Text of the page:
Tango, a cross-platform mobile video calling startup, is today announcing its first expansion to a non-mobile platform: the Windows desktop. Sometime later this summer, the new PC software will debut, joining Android (phone and tablets) and iOS (iPhone, iPod Touch and iPad) as the third major platform launch for the company over the past nine months.
Tango now has over 18 million users in 190 countries using its video calling service. Unlike Apple's proprietary FaceTime, Tango works over 3G, 4G and Wi-Fi, while FaceTime is Wi-Fi only. And even though Tango's install base falls far short of Skype's 170 million monthly connected users, not to mention its 600 million+ registered accounts, it's growing fast. In fact, it's growing twice as fast as Skype itself did during its first year, TechCrunch recently noted. Today, Tango adds a million users every two weeks, the company says.
We covered Tango barely 6 weeks after its September 2010 launch, when the application had been downloaded over 3 million times by mobile users. At the time, Tango shared that its ambitions were to move onto other platforms, including the desktop, the tablet and the TV.
Tango for Mac on the Horizon
Tango has already conquered one of those three platform (tablets), and has apps for the iPad and Android tablets available now. With the forthcoming launch of the new desktop software, the company is hoping to reach the wider PC market, consisting of 1.5 billion devices worldwide. By this time next year, Tango CEO Uri Raz says there will be 100 million customers using his company's software.
The choice of going Windows-first on the desktop is obvious: sheer numbers. Tango CTO Eric Setton says that PC users comprise 70% of Tango's user base. But a Mac application isn't too far away. "We do plan to release on Macs and it's in our product roadmap," Setton says, "but we do not have a definitive timeline. It's an important platform for us and we aim to be everywhere."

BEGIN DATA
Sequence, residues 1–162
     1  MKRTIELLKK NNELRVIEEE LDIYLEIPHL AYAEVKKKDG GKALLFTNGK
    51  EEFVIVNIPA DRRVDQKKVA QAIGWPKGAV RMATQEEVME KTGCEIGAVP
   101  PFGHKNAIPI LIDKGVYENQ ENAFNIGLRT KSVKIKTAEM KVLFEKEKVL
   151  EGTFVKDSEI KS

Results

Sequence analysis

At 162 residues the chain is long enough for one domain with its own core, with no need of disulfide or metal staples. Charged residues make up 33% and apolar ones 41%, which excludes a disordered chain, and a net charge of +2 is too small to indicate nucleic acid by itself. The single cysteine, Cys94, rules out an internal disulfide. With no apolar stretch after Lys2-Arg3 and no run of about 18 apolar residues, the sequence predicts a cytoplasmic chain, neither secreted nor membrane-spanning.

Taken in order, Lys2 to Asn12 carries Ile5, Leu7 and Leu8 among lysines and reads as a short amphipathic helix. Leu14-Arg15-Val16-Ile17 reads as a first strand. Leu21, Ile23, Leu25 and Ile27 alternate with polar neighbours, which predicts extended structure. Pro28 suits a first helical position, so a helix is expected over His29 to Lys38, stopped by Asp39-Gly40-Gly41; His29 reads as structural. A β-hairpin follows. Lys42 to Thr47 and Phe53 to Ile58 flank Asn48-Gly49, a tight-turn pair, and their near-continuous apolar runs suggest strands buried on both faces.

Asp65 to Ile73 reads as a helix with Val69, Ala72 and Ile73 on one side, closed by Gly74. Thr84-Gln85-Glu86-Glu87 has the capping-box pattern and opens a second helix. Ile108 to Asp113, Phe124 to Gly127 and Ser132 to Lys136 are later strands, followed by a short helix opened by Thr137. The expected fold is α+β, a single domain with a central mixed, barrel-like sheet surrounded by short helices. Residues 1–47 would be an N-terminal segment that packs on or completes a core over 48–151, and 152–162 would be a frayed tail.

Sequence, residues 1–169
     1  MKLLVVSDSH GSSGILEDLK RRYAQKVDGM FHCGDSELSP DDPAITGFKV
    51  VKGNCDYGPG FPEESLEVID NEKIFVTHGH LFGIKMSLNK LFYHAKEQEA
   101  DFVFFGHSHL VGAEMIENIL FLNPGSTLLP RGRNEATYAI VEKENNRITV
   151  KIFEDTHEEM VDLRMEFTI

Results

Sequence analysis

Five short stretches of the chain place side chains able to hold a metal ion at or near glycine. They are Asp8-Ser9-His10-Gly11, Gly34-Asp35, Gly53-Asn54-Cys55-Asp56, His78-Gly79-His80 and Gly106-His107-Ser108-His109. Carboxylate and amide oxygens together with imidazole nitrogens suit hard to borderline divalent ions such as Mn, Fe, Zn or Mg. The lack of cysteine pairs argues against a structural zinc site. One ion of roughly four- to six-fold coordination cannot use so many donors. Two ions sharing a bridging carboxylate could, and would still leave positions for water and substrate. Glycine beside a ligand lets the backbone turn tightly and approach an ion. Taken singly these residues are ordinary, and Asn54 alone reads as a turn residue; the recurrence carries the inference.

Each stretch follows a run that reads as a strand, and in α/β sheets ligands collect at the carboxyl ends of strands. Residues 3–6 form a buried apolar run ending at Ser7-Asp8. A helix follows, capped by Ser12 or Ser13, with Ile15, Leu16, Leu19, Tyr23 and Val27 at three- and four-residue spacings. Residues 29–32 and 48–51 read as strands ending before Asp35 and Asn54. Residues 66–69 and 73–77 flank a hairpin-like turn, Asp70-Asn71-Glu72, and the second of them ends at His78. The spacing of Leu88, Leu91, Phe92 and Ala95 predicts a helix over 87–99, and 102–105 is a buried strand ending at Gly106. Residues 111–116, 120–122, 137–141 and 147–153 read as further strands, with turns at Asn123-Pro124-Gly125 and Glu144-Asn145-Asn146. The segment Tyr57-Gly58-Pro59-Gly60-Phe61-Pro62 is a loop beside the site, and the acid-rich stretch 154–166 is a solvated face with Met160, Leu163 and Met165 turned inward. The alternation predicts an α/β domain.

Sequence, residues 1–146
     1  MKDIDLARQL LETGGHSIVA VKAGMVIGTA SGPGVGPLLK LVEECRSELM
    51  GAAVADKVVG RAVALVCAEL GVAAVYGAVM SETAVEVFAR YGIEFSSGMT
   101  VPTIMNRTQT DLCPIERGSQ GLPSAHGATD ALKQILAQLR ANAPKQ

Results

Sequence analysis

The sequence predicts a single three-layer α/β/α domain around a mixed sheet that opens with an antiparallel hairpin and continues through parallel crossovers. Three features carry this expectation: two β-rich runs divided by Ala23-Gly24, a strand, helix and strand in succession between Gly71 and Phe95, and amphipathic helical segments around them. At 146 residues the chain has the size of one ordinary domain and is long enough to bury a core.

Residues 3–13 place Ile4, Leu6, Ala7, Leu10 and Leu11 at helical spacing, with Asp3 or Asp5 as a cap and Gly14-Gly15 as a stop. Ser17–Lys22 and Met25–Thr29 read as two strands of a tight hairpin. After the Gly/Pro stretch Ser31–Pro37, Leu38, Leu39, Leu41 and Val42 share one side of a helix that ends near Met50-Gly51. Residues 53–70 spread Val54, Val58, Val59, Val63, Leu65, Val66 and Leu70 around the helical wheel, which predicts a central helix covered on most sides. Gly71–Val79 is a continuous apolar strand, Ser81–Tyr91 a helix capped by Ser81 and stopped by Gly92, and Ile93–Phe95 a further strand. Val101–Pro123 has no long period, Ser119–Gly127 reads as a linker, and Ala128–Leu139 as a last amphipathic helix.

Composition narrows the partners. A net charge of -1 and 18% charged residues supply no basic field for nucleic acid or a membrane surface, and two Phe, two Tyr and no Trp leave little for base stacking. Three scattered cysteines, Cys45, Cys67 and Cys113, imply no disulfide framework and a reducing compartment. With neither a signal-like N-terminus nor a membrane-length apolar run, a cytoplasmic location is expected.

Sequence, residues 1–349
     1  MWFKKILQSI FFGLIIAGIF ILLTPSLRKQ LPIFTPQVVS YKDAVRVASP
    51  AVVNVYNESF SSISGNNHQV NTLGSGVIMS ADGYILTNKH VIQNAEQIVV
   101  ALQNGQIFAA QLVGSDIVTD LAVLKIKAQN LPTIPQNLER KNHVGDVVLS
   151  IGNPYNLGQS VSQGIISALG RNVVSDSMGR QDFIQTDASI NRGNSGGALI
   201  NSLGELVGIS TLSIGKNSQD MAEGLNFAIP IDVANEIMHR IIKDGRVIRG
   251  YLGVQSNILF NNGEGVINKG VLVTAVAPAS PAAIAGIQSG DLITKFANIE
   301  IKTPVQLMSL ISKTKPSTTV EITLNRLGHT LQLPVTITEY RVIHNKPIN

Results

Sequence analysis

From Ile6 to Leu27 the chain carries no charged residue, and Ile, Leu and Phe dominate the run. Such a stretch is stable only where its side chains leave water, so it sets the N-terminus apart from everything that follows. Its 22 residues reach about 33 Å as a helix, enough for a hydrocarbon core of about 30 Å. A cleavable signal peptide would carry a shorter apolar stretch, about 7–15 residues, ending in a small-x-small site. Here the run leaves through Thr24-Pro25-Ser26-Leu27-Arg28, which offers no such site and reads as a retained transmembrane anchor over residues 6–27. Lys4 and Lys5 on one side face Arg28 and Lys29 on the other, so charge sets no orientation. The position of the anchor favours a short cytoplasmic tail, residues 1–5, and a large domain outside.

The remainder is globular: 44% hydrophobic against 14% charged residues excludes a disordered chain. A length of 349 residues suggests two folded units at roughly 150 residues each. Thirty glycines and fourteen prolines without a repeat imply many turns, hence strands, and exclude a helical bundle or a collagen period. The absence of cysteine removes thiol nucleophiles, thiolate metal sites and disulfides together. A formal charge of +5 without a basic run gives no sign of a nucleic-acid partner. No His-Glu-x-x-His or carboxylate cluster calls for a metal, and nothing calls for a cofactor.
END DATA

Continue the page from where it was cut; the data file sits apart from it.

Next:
$42 Million in Series B, Skype Investors Involved
Clearly Tango is on the fast track, having also just announced it has closed $42 million in its Series B round of funding led by Draper Fisher Jurvetson, notably the first outside investors in Skype, as well as venture capital led by Len Blavatnik and Alex Zubillaga.
How Tango is Different
For end users, what makes the service different from Skype is a minimalist feature set. You can't buy credit or dial landlines, there isn't an IM-like "chat" feature and you can't accept calls from non-users. In other words, Tango does video chat and just video chat.
More importantly, though, it makes the process of doing video chat incredibly simple. There is no "setup" involved and you don't have to create a username or password to join the service - you just input your phone number. Tango then automatically fills its address book with other Tango users it finds on your phone. A similar process will be offered in the PC version, too.
On the back-end, to make that setup process happen quickly, Tango keeps a centralized directory of its users. This is different than Skype, which is based on a peer-to-peer model of communication, where data moves between end users' devices, not through Skype servers.
Tango is an interesting company to watch, somewhat like seeing Skype reborn as a mobile-first outfit. Whether or not Tango can ever reach the same heights as Skype, especially now as a Microsoft property with integrations planned in everything from IM to the Xbox, still remains to be seen.